Philip J. Wilson, Partner-in-Charge, Southern California Region, Featured in Los Angeles Business Journal Roundtable Discussion: "The Business of Accounting."
Los Angeles Business Journal
As the economy experiences its climbs and dips, the Los Angeles Business Journal has once again turned to some of the leading accountants in the region to get their assessments regarding the current state of business accounting and the various trends that they have been observing, and in some cases, driving. Following is a series of questions posed to these financial stewards of Los Angeles and the unique responses they provided – offering a glimpse into the state of business accounting in 2014 – from the perspectives of those in the trenches delivering financial advice and leadership to the businesses of our region today.
Do you feel nearshoring will get hotter?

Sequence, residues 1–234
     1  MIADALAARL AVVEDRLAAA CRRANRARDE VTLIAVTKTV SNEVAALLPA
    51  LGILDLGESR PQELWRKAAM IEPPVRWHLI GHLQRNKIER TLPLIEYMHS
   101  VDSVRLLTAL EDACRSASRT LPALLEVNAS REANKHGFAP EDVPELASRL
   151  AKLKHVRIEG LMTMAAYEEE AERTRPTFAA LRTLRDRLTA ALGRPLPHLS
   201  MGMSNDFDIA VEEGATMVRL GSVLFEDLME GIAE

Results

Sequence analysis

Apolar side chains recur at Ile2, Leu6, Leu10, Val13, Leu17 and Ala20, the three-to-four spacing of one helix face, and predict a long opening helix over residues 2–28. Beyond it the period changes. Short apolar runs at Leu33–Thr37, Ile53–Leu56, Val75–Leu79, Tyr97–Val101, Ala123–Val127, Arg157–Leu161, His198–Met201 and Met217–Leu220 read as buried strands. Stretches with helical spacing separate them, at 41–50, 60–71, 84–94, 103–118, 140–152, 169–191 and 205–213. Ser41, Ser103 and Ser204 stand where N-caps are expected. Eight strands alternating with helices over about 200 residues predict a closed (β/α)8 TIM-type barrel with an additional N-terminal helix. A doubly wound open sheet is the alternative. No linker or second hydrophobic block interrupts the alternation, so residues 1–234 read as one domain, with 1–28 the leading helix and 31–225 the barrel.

WILSON: Yes. USA, Mexico and Central America are becoming more popular as the cost of labor and transportation continue to increase in China. Additionally, alternatives in Asia increase lead times, quality and reliability issues. There are also tax incentives for US manufactures to invest in labor saving equipment. Together with labor efficiencies and shorter lead times, a manufacturer sourcing products in the Americas can also reduce inventory and related cash flow required to finance the investor. In addition, many US retailers are requesting “Made in the U.S.A.”
What’s unique about your firm that allows you to provide greater value to your clients?